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Monday, October 15, 2018

What Do You Do...?

...when you don't have the energy for machine stitch, but you want to do something constructive?  Well...I fished out the box with my 'special' hand dyes, the ones that have been printed, or screen printed, or dye painted.  The jury's out on some of them...I kept them because of the work involved in them, I suspect, rather than because I really want to work with them.  Or they would look good in a large scale project, for which I don't have the energy at present (though things are looking up on that front...but I digress...). 

Here's the box itself... not very big at all, as you can see; I have another one that size with plain hand dyes...not that I consider my hand dyes particularly plain, but that's an entirely different post. 


A variety of colours and textures.  The top one was an attempt at breakdown screen printing...here it is with another one, made far later in the process...


I'm going to make a journal from the top one, but I may cut up the lower one and reassemble it, with or without another cloth or two...actually, it would make a good basis for another series of haiku quilts (find out about them here ).  Might do the same with the top one, actually... it would fit into the ME series really well. 

And then there's this...


It's a lot more orange than this image, but I can't persuade it to behave itself, so you'll just have to make do.  A piece of low water immersion hand dye, which has been overprinted using fabric paints, using two different lino blocks.  Sadly, I don't think I have the leaf shaped lino block any more, and doubt I have the energy to cut another one...it was quite effective.  If there was more of this fabric it would make a good skirt, or some other piece of clothing...as it is, it might become a panel in a larger piece, but I'd need to have a good deal more energy to make that happen.  It'll go back into the box, and wait.  It would certainly make good cushions...but I don't have a room they would fit into... sigh.

There's a lot more cloth in there, but it'll have to wait, too.  Enough is enough.


Friday, October 12, 2018

Done And Dusted...

...at least, where the stitch is concerned...have a look...



The top 'side' is actually a lot more yellow than that, but because Lutradur XL is semi transparent,  and the piece is back lit, the pink from the other side is showing through...and vice versa.  I did contemplate noodling a line across the whole piece, with the occasional leaf on it, but decided against it.  I like the feeling of space in this work.  I am, though, contemplating adding some text...'dreaming the crimson daisy', which is the title of the book. 

Have another look at an individual daisy.


The stitch is fairly even, but it's by no means perfect.  It's the stitch equivalent of colouring outwith the lines; I wanted a relaxed, modern feel, and I also wanted to even out the relative sizes of the petals, hence the stitch.  I usually vary stitch length too, for visual interest, but decided that it would be a distraction rather than an enhancement.  What I'm trying to say here, I suppose, is that I wouldn't win any awards for stitch with this piece, but that doesn't make it any less beautiful.  It works, and that's what's important.  So many of us worry about work not being perfect...well, guess what?  Perfect, by and large, is boring.  And it's really not necessary to enjoy either making or appreciating a piece of art.  Mother Nature doesn't make each petal of an individual flower the same; she doesn't like boring, either.  That's my excuse, and I'm sticking to it.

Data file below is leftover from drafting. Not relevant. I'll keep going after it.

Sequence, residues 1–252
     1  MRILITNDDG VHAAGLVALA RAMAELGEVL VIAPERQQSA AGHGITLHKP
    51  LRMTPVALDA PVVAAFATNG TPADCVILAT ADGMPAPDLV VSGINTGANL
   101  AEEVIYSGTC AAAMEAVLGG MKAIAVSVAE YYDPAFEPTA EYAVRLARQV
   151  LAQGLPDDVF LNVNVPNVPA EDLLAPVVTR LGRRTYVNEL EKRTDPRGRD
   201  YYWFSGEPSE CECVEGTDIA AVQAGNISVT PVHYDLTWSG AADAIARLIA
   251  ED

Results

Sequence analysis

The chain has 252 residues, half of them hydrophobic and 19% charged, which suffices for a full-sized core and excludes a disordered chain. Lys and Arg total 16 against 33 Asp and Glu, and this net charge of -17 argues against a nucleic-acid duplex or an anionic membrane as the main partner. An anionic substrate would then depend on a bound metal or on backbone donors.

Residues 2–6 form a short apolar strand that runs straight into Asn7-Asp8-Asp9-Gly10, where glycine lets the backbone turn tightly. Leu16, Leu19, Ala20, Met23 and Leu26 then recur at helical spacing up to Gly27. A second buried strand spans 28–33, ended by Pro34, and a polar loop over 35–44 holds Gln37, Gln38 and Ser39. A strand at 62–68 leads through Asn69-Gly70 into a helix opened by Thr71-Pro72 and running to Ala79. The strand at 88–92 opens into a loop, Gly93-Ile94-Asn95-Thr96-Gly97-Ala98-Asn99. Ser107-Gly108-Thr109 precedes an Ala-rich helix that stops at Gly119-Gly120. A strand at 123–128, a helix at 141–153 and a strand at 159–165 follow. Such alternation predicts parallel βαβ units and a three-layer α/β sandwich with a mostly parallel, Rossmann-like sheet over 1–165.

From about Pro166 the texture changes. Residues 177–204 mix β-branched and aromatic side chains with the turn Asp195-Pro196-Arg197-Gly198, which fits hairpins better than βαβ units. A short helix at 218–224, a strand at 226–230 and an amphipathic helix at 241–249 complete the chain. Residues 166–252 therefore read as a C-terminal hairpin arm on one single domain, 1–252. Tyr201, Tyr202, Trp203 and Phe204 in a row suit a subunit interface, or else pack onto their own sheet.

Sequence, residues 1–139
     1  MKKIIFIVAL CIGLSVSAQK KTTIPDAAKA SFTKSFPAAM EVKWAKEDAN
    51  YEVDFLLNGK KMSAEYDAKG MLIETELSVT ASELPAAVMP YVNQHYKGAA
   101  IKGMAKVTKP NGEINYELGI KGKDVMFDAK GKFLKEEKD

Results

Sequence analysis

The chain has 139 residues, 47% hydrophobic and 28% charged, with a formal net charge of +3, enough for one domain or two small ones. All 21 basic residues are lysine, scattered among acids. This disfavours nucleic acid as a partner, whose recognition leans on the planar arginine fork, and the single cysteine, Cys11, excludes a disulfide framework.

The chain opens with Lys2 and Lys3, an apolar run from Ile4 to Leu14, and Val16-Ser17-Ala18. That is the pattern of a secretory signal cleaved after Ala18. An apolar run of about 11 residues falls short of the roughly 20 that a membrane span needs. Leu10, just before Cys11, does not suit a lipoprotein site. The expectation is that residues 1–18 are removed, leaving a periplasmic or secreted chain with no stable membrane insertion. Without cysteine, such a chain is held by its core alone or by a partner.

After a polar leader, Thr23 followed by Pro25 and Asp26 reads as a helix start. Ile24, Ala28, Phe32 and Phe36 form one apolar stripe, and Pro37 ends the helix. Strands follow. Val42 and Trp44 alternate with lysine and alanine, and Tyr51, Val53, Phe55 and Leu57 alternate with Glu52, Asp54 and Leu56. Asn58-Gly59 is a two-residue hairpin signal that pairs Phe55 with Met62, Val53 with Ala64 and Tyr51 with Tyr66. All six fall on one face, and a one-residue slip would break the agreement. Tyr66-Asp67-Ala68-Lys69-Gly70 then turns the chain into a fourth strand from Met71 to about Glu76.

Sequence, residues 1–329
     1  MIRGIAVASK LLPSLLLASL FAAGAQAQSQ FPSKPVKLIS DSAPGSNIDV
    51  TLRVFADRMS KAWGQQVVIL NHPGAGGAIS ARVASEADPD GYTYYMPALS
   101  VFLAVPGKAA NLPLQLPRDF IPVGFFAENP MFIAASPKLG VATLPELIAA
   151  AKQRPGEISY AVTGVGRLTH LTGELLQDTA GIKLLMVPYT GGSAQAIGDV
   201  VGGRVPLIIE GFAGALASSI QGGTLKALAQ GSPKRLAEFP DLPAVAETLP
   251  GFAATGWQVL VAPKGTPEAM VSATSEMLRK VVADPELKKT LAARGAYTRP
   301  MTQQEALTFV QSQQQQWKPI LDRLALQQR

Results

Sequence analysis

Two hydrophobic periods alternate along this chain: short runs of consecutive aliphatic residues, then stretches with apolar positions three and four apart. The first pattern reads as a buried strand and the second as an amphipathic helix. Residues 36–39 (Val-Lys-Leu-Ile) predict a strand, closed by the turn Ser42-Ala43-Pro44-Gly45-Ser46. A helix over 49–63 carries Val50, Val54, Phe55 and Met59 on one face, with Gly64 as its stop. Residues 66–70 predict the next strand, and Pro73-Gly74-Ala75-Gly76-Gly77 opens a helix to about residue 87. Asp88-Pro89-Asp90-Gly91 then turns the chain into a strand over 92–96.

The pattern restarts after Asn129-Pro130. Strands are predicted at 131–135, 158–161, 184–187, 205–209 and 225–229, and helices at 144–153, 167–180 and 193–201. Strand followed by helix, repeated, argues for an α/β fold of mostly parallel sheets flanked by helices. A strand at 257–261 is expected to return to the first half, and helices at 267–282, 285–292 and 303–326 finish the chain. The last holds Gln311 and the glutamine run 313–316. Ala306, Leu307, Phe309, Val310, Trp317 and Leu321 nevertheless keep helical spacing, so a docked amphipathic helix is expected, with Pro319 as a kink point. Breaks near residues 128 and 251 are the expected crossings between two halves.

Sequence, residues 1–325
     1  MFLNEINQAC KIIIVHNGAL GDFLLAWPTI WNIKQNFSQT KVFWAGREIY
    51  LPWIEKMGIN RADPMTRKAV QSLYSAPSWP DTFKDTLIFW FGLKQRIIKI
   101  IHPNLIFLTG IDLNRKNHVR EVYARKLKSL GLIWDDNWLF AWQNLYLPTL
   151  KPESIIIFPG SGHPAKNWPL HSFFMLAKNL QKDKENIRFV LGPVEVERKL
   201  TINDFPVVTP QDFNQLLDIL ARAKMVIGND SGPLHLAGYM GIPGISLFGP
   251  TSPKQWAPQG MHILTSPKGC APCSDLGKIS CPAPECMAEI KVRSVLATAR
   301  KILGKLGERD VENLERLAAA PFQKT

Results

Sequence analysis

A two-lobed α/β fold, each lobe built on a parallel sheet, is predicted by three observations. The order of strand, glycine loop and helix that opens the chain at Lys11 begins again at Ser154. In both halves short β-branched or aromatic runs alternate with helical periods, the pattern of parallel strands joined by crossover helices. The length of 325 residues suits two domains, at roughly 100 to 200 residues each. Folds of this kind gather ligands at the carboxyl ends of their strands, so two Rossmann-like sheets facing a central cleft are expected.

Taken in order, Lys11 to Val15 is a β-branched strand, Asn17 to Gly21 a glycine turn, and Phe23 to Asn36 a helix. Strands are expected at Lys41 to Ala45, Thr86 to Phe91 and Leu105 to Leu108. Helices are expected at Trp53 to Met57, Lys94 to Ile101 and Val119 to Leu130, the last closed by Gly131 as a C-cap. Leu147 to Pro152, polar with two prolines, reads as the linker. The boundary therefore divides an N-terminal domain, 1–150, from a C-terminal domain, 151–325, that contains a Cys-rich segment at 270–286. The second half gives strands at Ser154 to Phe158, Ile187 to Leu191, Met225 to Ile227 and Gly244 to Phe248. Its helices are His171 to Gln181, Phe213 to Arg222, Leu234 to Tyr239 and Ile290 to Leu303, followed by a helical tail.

Thursday, October 11, 2018

Getting Sidetracked...

...is a fairly common occurrence for me, and it usually leads to something creative.  Unfortunately,  it also brings problems.  The days are gone when I can just poddle about in my workroom, doing a bit of this, and a bit of that...or at least, not if I intend to do something specific.  And I did have that intention.  I wanted to do more machine stitch, and thought I would work on this book, which has been hanging around for ages, waiting for me to feel well enough to do it.


First, I needed suitable threads...and finding those took quite a bit of the available energy.  I realised, as I did it, that unpacking and shelving in order of finding things, was not the most effective way of doing it.  I need to have the threads near the machine, so I don't have to cross the room to get them.  Yes, it's only four or five steps there and back, so ten in all.  But add in the amount of time it took to stand and work out what I wanted, and select them, and you're into a major energy drain.  So I'm going to have to get someone, probably Robin (sorry, Robin) to move stuff around for me.  But I digress (at least digressing in my mind doesn't take quite as much energy, huh?).

While photographing, I noticed the little ME quilt on the cutting board...okay, I thought, two minutes... and that's what it took.


I'm pleased with it, though I have to say, it looks better in real life.  But back to the book.  Bobbin wound, machine threaded, I worked on a single flower.


Reader, that was enough.  No more energy.  But it's a decent enough beginning.  Here's the back...and this is why I like machine stitch on books.  The back is the same as the front, other than being a different thread (cotton on the front, rayon on the back, both variegated); no need to worry about what the stitch is going to look like, as you do with hand stitch...and for this particular book, it's important, because it was designed with that in mind.